24 March 2011

Catching Up

I understand that Spring Break has come and gone. I know by the glassy-eyed gaze of students still on vacation, though their bodies miraculously sit in class. The irony, of course, is that for most schools "spring break" occurs before spring actually arrives. The idea, therefore, seems to be to start spring early by flying off to someplace tropical, to places where it is always spring.

Spring has always been a time of debauchery, from ancient times to today. The arrival, or anticipation of the arrival, of the planting season brings to mind countless instances of sympathetic magic: fertility rituals which may or may not have proven useful in urging the crops and animals to produce. Nevertheless, mankind seems to have enjoyed pretending that fertility rituals actually induce fertility. It's the thought that counts. More so today, where the main activity of spring break locations is to celebrate fertility, especially in the form of nubile young maidens showing off their wares--though not too many, I suspect, would actually accept sexual partners solely on behalf of a grateful Earth.

I have been opposed to spring break for as long as I can remember. Originally, in my early years of education, all we got was Easter break. Eventually, that was deemed too religious for public schools. Now they have teacher in-service days and let the students stay home to partake in religious rituals, if they or their parents so choose. In fall semesters we get half a week or more to celebrate Thanksgiving, but it occurs too close to the end of the semester and final exams time to be practical. In the spring, however, schools generally schedule the break in the middle of the semester. Without calling it Easter, what excuse do they have? And why an entire week?  The Thanksgiving break need cover only 2 days, or 3 if you generously extend a travel day to students. But spring break? What's the point?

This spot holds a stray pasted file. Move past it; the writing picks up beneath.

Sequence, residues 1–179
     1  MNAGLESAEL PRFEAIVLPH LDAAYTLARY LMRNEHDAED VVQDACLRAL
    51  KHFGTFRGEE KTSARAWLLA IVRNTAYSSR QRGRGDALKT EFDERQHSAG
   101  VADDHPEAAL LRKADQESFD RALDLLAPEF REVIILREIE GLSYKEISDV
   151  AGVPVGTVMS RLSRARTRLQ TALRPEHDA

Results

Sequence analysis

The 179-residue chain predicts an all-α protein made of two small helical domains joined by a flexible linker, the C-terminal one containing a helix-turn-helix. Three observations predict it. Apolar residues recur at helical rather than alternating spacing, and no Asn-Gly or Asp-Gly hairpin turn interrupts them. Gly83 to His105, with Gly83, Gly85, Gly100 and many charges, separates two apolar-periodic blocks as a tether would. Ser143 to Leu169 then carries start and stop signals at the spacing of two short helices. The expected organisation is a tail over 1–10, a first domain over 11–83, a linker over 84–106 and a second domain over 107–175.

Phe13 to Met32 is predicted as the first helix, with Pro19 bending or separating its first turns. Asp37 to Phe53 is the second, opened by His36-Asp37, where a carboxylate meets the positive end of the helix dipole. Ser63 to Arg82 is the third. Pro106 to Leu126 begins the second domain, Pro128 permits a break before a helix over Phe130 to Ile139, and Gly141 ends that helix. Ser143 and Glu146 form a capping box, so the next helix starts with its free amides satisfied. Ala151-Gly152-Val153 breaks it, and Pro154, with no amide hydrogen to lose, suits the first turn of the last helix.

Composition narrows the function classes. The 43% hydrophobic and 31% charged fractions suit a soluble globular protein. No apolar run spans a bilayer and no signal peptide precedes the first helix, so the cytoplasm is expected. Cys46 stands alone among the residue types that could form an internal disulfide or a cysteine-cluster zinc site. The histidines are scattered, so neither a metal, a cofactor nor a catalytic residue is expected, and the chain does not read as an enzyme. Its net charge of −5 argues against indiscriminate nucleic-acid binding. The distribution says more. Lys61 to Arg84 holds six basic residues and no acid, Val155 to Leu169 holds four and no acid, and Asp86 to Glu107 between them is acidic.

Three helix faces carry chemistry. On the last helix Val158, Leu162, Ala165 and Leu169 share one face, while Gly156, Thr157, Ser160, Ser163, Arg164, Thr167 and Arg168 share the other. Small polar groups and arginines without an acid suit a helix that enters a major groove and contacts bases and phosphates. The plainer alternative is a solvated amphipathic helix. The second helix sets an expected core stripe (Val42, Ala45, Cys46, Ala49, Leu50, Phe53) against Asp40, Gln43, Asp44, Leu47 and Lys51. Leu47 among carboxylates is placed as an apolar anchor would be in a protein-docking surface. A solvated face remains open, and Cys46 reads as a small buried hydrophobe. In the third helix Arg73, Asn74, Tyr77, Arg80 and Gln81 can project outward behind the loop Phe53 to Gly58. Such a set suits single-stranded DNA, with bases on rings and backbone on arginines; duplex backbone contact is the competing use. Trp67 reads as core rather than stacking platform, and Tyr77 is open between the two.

To celebrate the end of winter--actually or virtually--and in that celebration throw off the shackles of everything they have learned during the cold weeks of winter when there is nothing else to do but study, learn, focus on careers in the making, while free of the temptations, the immoral distractions, the wanton ways that undo all the good that has been done! Yes, I sound bitter. Perhaps because I never went away for spring break, never took a trip, never debauched or rampaged or drank and swore, never danced or got my t-shirt wet, nothing immoral, unethical, illegal, or unprofessional, nothing that could jeopardize my future--

Uh...wait a minute. That was a long time ago. My future is now, roughly calculated. Is it too late for me?  Now were I to arrive in typical spring break venues and behave like the typical spring break participant, I would likely be labeled a "dirty old man"--and that would be fine with me. I'm sure there are plenty of other similarly labeled gentlemen participating in the same way. They seek something they never had, never were allowed: freedom, youth, fertility. And, perhaps more importantly, the means to forget it all. Such a regret!

Spring break is big business now. Like so many holidays and special occasions, whatever mankind decides to celebrate turns, ultimately, into a sordid shopping spree. It may be clothing, it may be gifts, or it may be the perfect boyfriend/girlfriend. It's still shopping. And, short of the basic necessities of life (plus some choice books), I've never been much of a shopper. Ergo: I am not spring break material. Which gives me plenty of time to complain about it.

See you next year!

PS. Time magazine had a fairly cool article on the commercial origins of spring break, at this link:

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